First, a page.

Have a few questions about heritage pigs

Discussion in 'Other Pets & Livestock' started by trunkman, Mar 1, 2013.

  1. trunkman

    trunkman Chillin' With My Peeps

    Dec 26, 2009
    Rock Hill SC
    I'm interested in getting a couple of pigs, I'd like a heritage breed that doesn't get huge, preferably a breed that doesn't grow to be over 4 or 5 hundred pounds at full maturity. I'd also like a breeding pair and am wondering if getting a male and female from the same litter is a bad idea or should I get a pair from different parents. Sorry about my ignorance, I know I can keep them healthy and happy but just don't know anything about breeding.
     
  2. DaisyMeadow

    DaisyMeadow Chillin' With My Peeps

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    Feb 25, 2013
    Willamette Valley, OR
    I have also looked into heritage pigs quite a bit. I have not yet taken the plunge and bought any, but I think I am most interested in the Kunekune. They are heritage and smaller, you might want to look into them yourself. Best of luck with your research. https://en.wikipedia.org/wiki/Kunekune
     
  3. trunkman

    trunkman Chillin' With My Peeps

    Dec 26, 2009
    Rock Hill SC
    Thanks Daisy. Kune Kune are at the top of my list, I really don't want huge pigs, just big enough for my wife and I. I want to breed once a year and sell the extra piglets.
     
  4. Moochie

    Moochie Chillin' With My Peeps

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    Nov 8, 2010
    North Edwards
    Be extra careful, there are plenty of liars in the pig breeding world. I was just looking for an average pot bellied baby that I could trade 4 ducks and pair of turkeys for and all I get are people saying "oh buy my mini pig $300 OBO" ... I can get a full grown hog for that price from an auction or random farmer. Anyways mini, nano, teacup, pixie, etc are not a real breed and if the breeder doesn't know the actual breed of their pigs I would stay away from them. Some pig breeders breed way too young also, pigs keep growing for like 5 years, Vietnamese pot bellied pigs, the ones sold as "teacups" do not stay 20-40lbs as some breeders claim. Some breeders also starve their pigs, only giving them 1/4 cup of feed once in the morning and once in the evening. They normally advertise the piglets at 1 day old too. Be very wary of these kinds of breeders.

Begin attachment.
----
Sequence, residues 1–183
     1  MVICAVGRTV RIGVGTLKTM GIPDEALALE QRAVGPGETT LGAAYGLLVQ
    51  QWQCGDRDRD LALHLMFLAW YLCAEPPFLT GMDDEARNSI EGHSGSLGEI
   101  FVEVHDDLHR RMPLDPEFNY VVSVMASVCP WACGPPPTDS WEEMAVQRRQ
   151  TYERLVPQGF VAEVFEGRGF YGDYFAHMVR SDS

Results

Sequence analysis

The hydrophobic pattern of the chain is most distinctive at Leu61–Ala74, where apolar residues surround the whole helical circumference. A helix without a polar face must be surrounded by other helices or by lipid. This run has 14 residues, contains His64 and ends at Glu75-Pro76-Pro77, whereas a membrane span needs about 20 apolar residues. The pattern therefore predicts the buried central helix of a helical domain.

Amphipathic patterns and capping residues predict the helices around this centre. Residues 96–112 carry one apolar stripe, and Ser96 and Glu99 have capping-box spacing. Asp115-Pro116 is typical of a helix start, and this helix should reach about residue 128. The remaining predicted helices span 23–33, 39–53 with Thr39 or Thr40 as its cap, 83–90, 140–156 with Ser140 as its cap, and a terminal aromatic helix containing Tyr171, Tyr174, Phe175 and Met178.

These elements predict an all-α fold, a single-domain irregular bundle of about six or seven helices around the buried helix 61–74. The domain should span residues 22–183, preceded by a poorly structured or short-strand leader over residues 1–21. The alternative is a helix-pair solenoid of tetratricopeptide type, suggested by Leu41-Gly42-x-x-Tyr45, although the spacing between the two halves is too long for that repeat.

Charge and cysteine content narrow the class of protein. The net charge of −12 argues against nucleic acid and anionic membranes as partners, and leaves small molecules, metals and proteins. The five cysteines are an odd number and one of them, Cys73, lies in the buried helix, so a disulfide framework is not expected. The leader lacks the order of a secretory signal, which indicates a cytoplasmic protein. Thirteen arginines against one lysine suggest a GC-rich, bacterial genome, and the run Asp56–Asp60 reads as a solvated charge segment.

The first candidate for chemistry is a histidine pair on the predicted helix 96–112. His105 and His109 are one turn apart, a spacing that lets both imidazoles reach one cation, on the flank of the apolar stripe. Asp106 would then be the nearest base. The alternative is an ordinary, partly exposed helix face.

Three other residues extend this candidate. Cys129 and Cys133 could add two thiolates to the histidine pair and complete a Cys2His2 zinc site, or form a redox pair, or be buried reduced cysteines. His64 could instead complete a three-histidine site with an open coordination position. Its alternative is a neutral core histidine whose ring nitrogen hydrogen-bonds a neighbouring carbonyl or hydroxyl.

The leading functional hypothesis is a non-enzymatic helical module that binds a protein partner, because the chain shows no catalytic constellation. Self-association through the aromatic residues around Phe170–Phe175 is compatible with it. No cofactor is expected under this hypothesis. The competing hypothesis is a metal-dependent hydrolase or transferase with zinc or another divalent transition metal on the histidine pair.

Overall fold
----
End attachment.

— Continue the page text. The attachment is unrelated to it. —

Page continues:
There are a lot of people who claim to have Kune Kune pigs but they also use the words mini, nano, pixie, and Juliani. The Juliani is a real breed but they shouldn't be mixed up with foney-baloney names.. When you meet a good breeder ask to see their breeding stock and to see the pigs older than 3-5 years. If they refuse move on because that would indicate they are hiding something. Just be careful and do not buy from bad breeders. These sites will help you:
    http://lilorphanhammies.org/
    http://www.rarebreeds.co.nz/arapawapigs-bs.html
    http://www.minipigs.dk/
    http://albc-usa.org/cpl/guinea.html
    http://www.julianapig.com/
    https://sites.google.com/site/americankunekunebreeders/Home/kunekune-pigs
    http://www.albc-usa.org/cpl/Ossabaw.html
    http://www.sinclairbioresources.com/Products/Yucatan.aspx
    And the pig that is actually over bred to fill yucky peoples' pockets with cash http://www.ansi.okstate.edu/breeds/swine/vietnamesepotbelly/index.htm
     
  5. SWFkunekune

    SWFkunekune New Egg

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    Aug 3, 2013
    Lancaster County, PA
    We have Kunekune breed of pigs. Our biggest boar, "Friend" is about 250 lbs at 2 years old. He is gentle enough that my 6 year old handles and pets him every day. We have a sow at almost 2 years that is about 100 lbs. That is the range of size. Kunekune are very personable and trainable. For more about the breed and to see our stock visit www.lancastercountykunekune.com[​IMG]
     

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